The Antechamber presents four installations of hundreds of vacuum-formed ceramic elements printed with contrasting line and colour patterns. These elements, installed in grids, hang like roof tiles, overlapping one another, creating oscillating amounts of visual disturbance as the viewer moves within the space. Making reference to important 19th and 20th century objects of invention that feed the cycle of consumption, the individual ceramic elements were vacuum formed over a 1950s Dutch tabletop telephone, a 1940s GE Streamline Kettle and casts of an incandescent light bulb. With the use of repetition and scale, these works are intended to transform the euphoric anticipation and naïve optimism of invention into the vertiginous state of imbalance relating to consumption.
Artist Ian Johnston brings his architecture and ceramic background to Reinventing Consumption, a dazzling installation in three parts. The first section, The Inventor’s Room, presents artifacts related to his original experiments and investigations into a vacuum-forming process for ceramics. The Antechamber is a repeating-motif ceramic environment crated through this process, which evokes the massive scale of consumer goods manufacturing today. And finally, The Chamber is an inflating and deflating piece which shrouds and reveals an enormous mass of household items diverted from the waste stream in Medicine Hat.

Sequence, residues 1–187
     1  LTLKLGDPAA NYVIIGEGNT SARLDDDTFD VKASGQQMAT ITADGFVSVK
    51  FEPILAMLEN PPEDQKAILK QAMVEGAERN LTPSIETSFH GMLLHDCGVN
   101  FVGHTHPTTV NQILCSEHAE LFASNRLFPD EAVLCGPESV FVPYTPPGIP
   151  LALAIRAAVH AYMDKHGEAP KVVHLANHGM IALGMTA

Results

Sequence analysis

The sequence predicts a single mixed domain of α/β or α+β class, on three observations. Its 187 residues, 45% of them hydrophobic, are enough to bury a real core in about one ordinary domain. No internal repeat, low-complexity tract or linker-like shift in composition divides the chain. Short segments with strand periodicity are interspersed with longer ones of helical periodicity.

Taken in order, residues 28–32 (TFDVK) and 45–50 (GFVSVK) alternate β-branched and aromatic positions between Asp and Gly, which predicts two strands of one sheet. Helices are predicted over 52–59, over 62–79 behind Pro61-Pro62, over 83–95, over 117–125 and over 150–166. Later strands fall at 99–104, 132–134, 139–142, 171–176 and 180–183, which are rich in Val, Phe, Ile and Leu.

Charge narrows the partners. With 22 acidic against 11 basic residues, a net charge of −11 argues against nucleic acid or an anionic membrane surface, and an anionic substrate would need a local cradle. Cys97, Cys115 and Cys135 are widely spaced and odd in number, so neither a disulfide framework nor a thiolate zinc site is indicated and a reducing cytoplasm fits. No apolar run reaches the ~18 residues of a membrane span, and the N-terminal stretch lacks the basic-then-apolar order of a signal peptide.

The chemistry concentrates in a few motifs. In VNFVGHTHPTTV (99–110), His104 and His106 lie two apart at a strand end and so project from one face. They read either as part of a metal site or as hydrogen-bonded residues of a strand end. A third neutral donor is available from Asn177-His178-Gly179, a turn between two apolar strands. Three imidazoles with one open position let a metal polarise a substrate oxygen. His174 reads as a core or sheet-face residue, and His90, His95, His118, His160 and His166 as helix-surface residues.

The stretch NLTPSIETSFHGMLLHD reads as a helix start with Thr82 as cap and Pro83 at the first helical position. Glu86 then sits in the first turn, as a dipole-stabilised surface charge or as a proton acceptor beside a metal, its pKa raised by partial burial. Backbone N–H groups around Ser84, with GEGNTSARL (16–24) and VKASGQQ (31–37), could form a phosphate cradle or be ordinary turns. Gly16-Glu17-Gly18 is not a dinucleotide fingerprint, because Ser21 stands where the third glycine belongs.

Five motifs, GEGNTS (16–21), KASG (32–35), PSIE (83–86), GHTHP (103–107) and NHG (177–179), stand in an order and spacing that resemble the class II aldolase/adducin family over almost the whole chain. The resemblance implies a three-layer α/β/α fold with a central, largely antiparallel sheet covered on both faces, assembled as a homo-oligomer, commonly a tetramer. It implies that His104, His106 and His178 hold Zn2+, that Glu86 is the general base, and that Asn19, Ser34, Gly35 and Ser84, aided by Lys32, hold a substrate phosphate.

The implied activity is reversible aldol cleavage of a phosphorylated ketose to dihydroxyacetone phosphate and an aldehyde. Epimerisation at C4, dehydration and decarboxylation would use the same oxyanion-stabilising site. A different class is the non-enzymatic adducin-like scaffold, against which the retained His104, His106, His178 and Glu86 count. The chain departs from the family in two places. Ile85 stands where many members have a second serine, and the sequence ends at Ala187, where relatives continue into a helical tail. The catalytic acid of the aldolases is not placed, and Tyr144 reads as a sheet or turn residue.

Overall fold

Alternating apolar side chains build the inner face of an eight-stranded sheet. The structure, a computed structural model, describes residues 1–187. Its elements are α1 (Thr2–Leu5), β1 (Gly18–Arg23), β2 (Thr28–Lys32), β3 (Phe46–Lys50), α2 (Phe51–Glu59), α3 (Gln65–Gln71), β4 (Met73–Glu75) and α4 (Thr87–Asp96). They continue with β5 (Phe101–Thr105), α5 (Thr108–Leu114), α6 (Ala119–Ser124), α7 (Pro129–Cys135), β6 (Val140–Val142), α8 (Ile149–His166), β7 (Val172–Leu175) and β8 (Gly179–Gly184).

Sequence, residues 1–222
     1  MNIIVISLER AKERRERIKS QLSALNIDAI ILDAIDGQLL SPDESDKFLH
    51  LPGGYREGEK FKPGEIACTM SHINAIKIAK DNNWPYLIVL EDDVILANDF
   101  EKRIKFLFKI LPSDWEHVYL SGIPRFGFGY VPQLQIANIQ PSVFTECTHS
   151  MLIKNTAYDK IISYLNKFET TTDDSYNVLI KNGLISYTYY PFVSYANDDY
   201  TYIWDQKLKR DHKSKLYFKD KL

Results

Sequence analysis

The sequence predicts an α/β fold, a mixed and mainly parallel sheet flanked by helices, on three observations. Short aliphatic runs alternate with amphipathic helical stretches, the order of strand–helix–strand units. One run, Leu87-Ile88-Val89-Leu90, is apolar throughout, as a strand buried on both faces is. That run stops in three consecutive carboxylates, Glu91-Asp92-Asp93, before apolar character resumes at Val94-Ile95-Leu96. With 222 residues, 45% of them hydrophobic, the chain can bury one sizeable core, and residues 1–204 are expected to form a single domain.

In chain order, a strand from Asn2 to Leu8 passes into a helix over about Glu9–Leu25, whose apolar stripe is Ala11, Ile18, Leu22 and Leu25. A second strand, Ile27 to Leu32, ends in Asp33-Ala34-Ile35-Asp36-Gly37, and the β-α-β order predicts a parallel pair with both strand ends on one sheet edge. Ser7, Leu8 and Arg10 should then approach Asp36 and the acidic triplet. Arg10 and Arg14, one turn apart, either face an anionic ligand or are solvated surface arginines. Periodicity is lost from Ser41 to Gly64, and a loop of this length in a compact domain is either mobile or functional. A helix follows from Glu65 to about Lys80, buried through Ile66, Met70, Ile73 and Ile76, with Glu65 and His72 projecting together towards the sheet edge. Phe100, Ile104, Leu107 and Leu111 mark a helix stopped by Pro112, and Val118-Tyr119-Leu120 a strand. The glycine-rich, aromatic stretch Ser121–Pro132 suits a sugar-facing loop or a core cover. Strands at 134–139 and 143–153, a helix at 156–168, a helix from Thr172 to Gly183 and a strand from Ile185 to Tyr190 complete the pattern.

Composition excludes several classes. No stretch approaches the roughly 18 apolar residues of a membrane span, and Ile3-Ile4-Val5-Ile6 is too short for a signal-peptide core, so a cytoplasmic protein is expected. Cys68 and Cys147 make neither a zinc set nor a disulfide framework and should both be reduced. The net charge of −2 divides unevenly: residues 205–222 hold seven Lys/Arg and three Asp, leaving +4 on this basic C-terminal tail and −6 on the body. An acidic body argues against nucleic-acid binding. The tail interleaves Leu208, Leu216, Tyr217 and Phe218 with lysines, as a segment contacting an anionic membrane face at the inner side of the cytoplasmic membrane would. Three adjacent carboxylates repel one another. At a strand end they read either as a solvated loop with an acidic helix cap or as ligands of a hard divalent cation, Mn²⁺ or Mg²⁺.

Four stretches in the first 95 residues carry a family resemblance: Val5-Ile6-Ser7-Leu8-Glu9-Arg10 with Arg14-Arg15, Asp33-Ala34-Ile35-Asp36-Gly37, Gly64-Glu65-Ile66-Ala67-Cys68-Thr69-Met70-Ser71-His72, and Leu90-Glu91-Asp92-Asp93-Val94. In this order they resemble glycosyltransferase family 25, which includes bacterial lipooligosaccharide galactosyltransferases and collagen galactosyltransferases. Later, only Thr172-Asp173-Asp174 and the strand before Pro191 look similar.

Johnston comments that although his invention of the vacuum forming process for ceramics is unique, his actual intention in developing it was simply to see what would happen, to open up new opportunities for his art practice. And after seeing 12 year-old Alistair Aiken’s game Inv-Ento-Opoly, he realized that his purpose had shifted to the idea of invention itself. Through the invention process, there are always surprises and unexpected results, and for Johnston, this proved to be the possibility of radically adapting the ceramic vacuum forming process to create The Chamber.
In the exhibition, Johnston interweaves a critique, both ironic and earnest, of our human obsession with glamorizing and inflating the unimportant, along his exploration of invention and development of remarkable forms from mundane origins. Mesmerizing, intriguing and sobering, Reinventing Consumption brings home to viewers, as Johnston comments, “the paradoxical relationship between limited resources and seemingly unlimited appetite.”
Statement from Joanne Marion, curator Esplanade Art Gallery, June 2013